In 2021, pre-flight checkouts revealed stuck valves in the spacecraft’s propulsion system, prompting further delays to the mission. After overcoming these issues, Starliner successfully completed its first mission to the International Space Station in May 2022.

Additional concerns regarding the spacecraft’s parachutes and flammable tape inside the crew cabin have also contributed to other postponements, pushing the crewed test flight from last summer to this year.

Boeing hopes that a smooth crewed test flight will pave the way for regular six-month crew rotation flights to the ISS beginning next year. The company aims to start transporting astronauts to the ISS under NASA’s Commercial Crew Program, joining SpaceX which is already operational since 2020 with its Crew Dragon Capsule.


How did Boing end up in this situation?

The helium leak was initially detected during the first launch attempt on May 6. Despite this, company’s managers did not deem it significant enough to halt the launch. Ultimately, a separate issue with a pressure regulation valve on the United Launch Alliance (ULA) Atlas V rocket led to the launch being scrubbed.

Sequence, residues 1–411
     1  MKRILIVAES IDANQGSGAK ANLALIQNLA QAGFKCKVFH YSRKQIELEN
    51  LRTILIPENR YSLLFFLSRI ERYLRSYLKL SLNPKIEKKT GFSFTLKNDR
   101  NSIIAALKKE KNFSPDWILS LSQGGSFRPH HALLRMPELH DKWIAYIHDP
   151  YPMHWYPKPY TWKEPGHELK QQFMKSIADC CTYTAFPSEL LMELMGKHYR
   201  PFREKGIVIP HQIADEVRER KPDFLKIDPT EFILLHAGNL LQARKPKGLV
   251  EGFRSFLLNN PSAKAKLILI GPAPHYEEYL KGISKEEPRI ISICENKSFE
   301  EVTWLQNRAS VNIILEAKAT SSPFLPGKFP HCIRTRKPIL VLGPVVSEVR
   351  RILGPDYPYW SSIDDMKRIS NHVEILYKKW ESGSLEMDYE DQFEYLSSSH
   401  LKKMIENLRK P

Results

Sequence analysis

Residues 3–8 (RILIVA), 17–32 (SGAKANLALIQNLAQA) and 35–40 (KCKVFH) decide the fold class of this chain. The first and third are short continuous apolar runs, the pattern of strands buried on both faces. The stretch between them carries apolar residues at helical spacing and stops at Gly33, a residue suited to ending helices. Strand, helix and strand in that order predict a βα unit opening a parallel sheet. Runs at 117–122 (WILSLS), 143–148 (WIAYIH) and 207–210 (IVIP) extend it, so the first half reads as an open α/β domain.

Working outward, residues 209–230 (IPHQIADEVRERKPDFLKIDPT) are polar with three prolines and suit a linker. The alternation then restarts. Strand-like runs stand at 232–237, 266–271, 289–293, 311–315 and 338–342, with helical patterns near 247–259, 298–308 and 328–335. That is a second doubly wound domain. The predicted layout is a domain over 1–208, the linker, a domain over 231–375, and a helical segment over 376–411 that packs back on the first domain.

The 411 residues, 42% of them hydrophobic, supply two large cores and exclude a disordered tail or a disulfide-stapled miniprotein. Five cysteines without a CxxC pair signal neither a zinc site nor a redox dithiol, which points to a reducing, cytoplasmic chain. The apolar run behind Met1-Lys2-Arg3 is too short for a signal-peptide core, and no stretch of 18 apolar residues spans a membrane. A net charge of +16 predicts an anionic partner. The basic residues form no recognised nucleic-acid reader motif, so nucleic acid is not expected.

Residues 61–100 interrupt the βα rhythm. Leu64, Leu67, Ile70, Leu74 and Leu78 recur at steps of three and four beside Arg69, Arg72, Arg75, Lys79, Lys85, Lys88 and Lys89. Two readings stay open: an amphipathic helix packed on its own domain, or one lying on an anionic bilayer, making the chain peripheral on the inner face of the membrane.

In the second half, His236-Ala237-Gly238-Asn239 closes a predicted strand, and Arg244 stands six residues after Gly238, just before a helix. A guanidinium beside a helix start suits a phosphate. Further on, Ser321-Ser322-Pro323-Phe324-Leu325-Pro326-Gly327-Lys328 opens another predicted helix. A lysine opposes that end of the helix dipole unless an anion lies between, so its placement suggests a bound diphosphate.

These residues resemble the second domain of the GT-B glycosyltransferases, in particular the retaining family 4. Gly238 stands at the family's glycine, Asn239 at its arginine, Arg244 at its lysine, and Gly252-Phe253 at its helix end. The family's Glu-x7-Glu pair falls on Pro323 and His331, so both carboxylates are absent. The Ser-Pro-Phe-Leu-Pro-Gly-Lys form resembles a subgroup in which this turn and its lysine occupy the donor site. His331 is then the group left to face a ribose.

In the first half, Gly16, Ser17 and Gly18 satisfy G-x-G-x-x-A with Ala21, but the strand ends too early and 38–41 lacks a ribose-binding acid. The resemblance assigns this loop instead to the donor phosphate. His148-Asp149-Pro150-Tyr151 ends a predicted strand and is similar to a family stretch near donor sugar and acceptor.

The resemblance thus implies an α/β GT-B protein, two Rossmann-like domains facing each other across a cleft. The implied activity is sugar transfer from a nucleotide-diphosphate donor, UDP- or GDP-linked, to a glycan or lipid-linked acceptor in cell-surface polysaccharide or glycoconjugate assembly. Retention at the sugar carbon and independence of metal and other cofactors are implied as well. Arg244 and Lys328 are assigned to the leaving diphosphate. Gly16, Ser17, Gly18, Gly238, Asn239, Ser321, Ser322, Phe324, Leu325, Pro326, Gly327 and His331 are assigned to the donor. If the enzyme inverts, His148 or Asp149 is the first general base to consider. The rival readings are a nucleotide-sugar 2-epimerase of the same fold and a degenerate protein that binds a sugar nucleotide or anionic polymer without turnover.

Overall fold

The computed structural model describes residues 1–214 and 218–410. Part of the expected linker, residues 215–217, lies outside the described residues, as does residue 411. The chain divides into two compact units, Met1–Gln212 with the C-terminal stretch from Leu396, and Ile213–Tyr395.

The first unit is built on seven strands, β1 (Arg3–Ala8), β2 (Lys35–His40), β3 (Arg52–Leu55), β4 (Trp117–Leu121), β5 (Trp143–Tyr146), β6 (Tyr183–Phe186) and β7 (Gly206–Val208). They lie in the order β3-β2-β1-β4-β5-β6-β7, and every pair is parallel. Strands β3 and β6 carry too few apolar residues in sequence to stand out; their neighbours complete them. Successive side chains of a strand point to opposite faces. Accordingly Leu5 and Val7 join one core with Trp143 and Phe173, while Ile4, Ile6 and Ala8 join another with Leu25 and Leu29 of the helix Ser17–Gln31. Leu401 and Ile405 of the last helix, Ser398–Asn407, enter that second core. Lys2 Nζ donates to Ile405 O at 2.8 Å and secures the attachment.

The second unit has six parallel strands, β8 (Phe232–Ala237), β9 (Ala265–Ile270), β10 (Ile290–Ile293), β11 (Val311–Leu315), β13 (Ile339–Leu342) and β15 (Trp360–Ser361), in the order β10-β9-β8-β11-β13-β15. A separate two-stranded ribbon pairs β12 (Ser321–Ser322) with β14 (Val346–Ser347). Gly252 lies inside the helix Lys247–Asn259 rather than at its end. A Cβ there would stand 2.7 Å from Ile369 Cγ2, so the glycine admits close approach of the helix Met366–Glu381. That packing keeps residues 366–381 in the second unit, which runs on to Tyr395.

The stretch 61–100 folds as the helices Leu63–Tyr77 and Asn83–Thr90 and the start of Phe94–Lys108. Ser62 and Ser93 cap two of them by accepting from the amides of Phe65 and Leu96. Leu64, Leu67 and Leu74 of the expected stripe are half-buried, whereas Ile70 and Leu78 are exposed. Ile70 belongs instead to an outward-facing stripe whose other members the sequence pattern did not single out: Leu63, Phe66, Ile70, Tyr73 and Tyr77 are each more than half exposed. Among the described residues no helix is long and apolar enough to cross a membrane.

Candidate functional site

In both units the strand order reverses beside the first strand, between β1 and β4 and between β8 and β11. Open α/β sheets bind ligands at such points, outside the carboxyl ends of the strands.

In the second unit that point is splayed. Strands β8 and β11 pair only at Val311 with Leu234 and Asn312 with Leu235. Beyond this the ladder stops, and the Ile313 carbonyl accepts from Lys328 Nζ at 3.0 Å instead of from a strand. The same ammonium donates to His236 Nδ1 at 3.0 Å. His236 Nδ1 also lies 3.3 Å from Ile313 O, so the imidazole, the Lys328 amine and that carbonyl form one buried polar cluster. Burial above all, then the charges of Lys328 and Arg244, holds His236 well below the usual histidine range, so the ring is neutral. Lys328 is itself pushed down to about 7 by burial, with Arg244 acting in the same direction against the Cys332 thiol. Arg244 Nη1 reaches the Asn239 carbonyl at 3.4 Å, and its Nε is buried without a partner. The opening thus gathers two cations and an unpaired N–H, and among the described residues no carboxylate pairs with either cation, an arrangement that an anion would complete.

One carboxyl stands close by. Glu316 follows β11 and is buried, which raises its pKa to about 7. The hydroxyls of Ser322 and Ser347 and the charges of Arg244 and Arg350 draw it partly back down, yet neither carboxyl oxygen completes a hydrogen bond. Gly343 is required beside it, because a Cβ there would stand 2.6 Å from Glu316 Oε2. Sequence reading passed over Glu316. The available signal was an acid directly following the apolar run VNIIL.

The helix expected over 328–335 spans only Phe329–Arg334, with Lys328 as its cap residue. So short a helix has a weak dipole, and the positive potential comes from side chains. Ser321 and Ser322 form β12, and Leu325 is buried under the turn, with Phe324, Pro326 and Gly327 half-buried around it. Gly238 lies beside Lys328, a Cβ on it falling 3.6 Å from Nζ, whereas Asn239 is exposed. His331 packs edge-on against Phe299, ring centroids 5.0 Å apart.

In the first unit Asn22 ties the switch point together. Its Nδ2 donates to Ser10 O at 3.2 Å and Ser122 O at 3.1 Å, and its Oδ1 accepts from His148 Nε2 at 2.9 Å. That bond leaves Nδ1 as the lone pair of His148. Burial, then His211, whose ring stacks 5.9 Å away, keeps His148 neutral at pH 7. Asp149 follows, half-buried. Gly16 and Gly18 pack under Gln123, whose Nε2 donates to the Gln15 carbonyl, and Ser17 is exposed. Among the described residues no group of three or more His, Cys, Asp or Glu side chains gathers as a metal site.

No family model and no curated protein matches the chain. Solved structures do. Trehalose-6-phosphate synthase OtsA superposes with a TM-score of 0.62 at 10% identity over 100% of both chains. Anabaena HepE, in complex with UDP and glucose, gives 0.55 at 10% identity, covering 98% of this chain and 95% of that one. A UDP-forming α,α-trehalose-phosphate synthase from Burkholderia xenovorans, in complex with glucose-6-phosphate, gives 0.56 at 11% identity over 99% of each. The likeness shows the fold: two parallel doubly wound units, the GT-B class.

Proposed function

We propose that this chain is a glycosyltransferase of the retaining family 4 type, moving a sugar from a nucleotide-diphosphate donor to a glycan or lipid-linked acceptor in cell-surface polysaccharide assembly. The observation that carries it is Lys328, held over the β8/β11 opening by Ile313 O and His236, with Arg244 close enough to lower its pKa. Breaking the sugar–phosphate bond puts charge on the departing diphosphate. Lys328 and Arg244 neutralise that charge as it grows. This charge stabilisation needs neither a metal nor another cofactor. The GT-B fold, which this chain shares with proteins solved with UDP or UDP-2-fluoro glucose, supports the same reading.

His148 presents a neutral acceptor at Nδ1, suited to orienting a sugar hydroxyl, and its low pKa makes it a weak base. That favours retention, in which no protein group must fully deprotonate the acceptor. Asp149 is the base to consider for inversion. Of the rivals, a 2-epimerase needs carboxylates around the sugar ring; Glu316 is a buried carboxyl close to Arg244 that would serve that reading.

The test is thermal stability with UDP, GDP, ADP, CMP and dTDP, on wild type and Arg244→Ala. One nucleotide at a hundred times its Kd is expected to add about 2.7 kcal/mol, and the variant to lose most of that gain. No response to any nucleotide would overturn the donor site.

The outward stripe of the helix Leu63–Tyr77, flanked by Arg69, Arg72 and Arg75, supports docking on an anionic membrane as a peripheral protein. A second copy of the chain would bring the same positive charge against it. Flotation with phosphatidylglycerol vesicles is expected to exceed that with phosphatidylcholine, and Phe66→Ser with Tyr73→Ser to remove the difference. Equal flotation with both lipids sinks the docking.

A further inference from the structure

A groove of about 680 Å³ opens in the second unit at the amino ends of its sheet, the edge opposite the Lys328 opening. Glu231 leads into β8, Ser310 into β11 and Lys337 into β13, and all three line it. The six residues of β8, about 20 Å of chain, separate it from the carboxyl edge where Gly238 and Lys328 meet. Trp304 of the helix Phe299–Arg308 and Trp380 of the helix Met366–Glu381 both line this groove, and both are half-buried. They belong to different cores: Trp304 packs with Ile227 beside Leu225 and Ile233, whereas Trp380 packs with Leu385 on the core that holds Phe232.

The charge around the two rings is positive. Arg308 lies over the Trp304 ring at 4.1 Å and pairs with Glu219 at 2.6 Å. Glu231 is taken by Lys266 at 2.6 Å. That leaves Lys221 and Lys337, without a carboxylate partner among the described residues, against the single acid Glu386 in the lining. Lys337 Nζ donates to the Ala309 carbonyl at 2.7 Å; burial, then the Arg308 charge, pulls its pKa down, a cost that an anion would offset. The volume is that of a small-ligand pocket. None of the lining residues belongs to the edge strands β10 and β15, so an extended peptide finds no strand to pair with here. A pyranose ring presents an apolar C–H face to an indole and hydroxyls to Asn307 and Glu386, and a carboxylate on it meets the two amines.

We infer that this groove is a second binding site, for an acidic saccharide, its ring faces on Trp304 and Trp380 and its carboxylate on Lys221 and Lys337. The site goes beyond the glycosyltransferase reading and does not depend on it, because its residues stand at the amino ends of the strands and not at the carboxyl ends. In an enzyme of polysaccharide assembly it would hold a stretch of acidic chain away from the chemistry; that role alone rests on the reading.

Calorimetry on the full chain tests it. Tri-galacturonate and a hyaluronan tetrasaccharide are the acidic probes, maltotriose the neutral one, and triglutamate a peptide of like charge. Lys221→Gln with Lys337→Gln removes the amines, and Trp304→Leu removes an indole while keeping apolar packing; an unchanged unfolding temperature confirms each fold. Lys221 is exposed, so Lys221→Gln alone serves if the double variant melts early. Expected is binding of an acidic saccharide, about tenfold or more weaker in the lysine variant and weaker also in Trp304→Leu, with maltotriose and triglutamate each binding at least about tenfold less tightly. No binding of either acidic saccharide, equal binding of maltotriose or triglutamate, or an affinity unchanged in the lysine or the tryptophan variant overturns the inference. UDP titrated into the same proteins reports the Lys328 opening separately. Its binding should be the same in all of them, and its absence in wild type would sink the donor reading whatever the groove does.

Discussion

Technicians returned the Atlas V rocket to its Vertical Integration Facility to replace the faulty valve, aiming for another launch attempt on May 17. However, the date was subsequently pushed to May 21, and then to May 25, as engineers continued to assess the newely-discovered helium leak.

As of now, NASA says that the Atlas V rocket and the Starliner spacecraft remain in ULA’s Vertical Integration Facility pending the next launch opportunity.

Boeing engineers have traced the leak to a flange on a reaction control system thruster within one of the four propulsion pods on the Starliner service module. The propulsion system is pressurized with helium, an inert gas, while the thrusters burn a mixture of hydrazine and nitrogen tetroxide propellants.

Although helium is non-combustible, sufficient gas pressure is required to ensure the propellants reach the thrusters effectively, thus the problem for the launch.